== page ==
Slave A1C1: I2C Slave Multiple Write using TWI hardware support

A1. Hardware support (TWI)
C1. Multiple Write functions

This project is a step up from the simple command processing of the prior project. It will include a table structure that allows it to easily handle multiple types of commands sent from an Arduino or other board that can act as an I2C Master.
The four wire interface provides VCC, GND, SCL, and SDA signals. Since VCC is supplied by the Master board, this design is compatible with 5v and 3.3v systems provided that the AVR chip supports the voltage level. (2.7v-5.0v) or (1.8v-5.0v).
The software is designed to run with a Slave using an 8 MHz CPU clock (uncheck the CKDIV8 fuse when programming). No adjustment is needed to support the Master provided 100 kHz or 400 kHz SCL clock speeds. However, if a different CPU clock is used, it must be at least 16 times the SCL clock.
The software is compatible with Atmel Studio 6.2 and is written in 'C'.


Components for a basic A1+C1 Slave device to receive commands using an ATmega44/88/168/328, ATmega164/324/644/1284, or any AVR with a TWI hardware section.

Schematic A1C1 Bread Board A1C1
Schematic A1C1 Bread Board A1C1

Parts List

1 Protoboard
1 AVR microcontroller (example Atmega88A)
1 10uF electrolytic capacitor (optional for power filtering)
2 6.8k ohm 1/4 watt resistor
4 Jumper wires for VCC, GND, SCL, and SDA lines.
1 Arduino UNO

Software Files

After setting up a bare C project in Atmel Studio, copy these files into the source code area and add them to the project.

Copy the code from Slave_A1C1.c into your main.c for the project and build.
Program the AVR chip and connect up the jumper wires to the Arduino board.
The complete Atmel Studio project can also be downloaded from GitHub. Slave A1C1

Load the Arduino_A1C1_demo code into the Arduino IDE and select the board and COM port that you will use. Build and download into the Arduino board.
If the AVR is connected to the Arduino, one LED will blink and one LED will glow and dim.

Process Flow: In this architecture, each module has three processes:

  1. Initialization - Sets up any hardware and/or software variables.
  2. Service - This is called for any periodic operations of the module.
  3. Access - This section parses and processes any commands for the module.

Now main() only has to call initialize() to have all of the resources to be used initialized and then enter an infinite WHILE loop to continually call the service() and access() support processes.

Initialization: This process does system and device initialization.
  1. Enable the /RST line pull-up resistor.
  2. Initialize Timer0 to generate the system TIC flags.
  3. Set up the I2C/TWI interface and Slave Address.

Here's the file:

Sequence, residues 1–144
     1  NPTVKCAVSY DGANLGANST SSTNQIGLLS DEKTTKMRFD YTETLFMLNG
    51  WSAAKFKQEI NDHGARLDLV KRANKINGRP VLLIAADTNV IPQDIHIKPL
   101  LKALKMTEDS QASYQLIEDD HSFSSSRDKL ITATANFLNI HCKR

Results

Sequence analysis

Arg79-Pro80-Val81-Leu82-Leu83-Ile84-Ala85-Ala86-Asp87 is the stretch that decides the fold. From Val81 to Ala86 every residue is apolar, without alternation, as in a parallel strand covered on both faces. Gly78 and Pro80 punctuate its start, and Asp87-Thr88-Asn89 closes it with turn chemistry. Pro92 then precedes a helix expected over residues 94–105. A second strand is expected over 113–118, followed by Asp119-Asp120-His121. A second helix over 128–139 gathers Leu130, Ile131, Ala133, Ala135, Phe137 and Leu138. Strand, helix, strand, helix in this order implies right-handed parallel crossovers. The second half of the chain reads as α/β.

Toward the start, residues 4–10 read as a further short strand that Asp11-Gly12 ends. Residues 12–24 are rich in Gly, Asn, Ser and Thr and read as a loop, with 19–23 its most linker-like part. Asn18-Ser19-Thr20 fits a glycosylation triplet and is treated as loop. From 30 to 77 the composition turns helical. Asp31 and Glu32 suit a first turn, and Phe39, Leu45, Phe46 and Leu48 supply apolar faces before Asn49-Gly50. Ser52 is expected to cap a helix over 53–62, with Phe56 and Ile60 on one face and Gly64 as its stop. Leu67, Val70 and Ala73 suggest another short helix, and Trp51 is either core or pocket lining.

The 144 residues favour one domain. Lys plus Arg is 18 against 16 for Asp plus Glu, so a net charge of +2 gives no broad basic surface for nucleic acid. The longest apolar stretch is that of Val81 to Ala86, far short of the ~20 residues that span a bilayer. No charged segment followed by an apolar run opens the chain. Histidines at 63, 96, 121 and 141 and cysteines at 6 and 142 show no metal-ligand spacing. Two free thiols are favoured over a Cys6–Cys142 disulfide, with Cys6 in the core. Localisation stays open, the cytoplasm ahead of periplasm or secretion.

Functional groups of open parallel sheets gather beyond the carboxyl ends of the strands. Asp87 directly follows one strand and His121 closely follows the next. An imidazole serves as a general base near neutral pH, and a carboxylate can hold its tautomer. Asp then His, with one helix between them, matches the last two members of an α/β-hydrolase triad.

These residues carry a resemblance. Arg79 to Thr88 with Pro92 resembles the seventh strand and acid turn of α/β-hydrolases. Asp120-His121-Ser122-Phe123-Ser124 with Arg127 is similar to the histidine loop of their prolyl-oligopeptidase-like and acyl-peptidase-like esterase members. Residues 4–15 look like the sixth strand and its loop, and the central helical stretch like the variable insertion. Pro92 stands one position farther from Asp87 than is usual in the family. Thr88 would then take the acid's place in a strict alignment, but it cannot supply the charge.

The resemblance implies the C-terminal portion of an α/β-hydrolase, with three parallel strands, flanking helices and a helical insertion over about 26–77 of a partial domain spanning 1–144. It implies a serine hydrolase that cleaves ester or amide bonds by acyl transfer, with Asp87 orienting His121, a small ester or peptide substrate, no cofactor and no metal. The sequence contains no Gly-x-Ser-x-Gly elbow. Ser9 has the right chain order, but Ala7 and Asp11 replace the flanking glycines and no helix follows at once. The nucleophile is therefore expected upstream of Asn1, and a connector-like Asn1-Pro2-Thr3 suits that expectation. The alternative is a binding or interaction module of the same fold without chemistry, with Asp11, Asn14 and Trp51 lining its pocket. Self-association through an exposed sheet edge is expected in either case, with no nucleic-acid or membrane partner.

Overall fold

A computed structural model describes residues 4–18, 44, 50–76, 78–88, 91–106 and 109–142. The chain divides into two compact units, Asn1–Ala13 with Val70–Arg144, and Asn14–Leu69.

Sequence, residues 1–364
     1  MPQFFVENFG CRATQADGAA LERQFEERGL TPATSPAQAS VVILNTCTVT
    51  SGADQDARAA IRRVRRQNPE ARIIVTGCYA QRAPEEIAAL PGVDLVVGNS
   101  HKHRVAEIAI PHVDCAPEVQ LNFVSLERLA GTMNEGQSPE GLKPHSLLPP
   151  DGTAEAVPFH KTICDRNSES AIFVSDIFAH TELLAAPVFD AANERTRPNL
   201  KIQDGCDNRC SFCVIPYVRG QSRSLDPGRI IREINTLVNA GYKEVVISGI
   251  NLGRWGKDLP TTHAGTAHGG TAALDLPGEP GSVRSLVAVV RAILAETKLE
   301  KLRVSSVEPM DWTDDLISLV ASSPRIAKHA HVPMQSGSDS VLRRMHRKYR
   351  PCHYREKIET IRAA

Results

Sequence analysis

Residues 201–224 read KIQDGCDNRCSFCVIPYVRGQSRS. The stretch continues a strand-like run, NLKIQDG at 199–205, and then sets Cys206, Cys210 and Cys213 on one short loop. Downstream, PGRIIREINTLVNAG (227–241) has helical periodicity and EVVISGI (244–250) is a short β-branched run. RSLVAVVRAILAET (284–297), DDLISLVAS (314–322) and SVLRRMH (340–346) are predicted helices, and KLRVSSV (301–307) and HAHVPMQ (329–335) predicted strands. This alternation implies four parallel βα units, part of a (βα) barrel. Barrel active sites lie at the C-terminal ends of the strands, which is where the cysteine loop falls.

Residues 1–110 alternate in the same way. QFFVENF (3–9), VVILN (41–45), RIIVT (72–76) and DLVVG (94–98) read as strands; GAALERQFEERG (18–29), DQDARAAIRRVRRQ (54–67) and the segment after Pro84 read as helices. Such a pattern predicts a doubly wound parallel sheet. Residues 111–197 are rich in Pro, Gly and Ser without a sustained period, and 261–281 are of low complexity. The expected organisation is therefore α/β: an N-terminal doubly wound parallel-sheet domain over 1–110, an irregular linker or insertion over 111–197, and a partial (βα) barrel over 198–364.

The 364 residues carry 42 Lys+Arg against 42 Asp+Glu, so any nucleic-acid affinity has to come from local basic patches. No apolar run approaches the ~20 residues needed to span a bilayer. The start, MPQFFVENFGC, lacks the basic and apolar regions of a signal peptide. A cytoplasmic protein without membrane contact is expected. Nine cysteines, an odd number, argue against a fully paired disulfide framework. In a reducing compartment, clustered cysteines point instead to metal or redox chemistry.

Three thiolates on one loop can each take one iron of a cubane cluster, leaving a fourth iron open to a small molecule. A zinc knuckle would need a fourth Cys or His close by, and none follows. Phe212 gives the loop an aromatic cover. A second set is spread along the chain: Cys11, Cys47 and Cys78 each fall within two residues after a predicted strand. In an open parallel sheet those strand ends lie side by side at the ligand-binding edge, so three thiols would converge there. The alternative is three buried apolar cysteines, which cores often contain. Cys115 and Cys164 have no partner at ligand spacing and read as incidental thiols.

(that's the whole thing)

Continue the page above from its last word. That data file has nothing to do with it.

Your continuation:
4. Initialize the access state variables.
  5. Walk through the device init functions to set up each devices hardware and state variables.
  6. Enable Global interrupts.
  7. Enable the TWI interface to accept messages.

Service: This process supports devices that perform a periodic operation or require periodic updates. It cycles through all of the device service methods giving each a chance to do something. The service methods are self-timed using the 1ms and 10ms TIC flags. There are four of each. The code could be modified to change the ratio, but based on several projects, four seems enough.

Access: The function gathers up incomming I2C bytes into a message. It checks for data in the Receive FIFO Buffer by calling twiDataInReceiveBuffer(). If data is there, it retrives the byte into a buffer and the checks if the buffer has overflowed. If it has, then it is an error and it flushes all data from the I2C input buffer to try to recover.
It then proceeds to check how much data has been received. There are three conditions to look for:

  1. The first byte of a message has just been received and the header format is then checked.
  2. The first three bytes of a message have been received and the device access function table can be retrieved.
  3. The entire message has been received and is ready to be sent to the selected device for processing using the access function table to find the command's method.

One of the problems with supporting multiple types of commands is that not all of the commands may be the same length. So, to address this, the message protocol will add one byte to the command message to include the length.
Since most messages are short (i.e. usually less than 16 bytes), only 4 bit of this byte will contain the length. The other 4 bits will be the 1's complement of those 4 bits to make a semi-unique byte that can act as a header for the message.
When the module is waiting for a message, it takes the first byte it receives and XORs the upper and lower nibbles (should result as 0) to see if it is a proper header. If so, it saves the lower nibble, the one with the length, and collects that many bytes after receiving the Device ID byte and the Command byte.

The Device ID is another byte added to allow for multiple types of devices to be within the same Slave module. In this example, there are two. Device 0x20 will be the single LED and device 0x30 will be a PWM brightness controlled LED.
Each of these will have their own command set. Either can be changed with out affecting the coding of the other. In addition, more devices can be added without affecting the existing device code.

Command Format:With this message format, each command message is a minimum of three bytes long and can have a maximum of 16 data bytes associated with it.
   HDR DEV CMD [Data0] ... [Data15]

Now that this project is working, it provdes another baseline of operations.

  1. The Arduino Master can command multiple devices inside the AVR Slave.
  2. The hardware is wired correctly for I2C communications.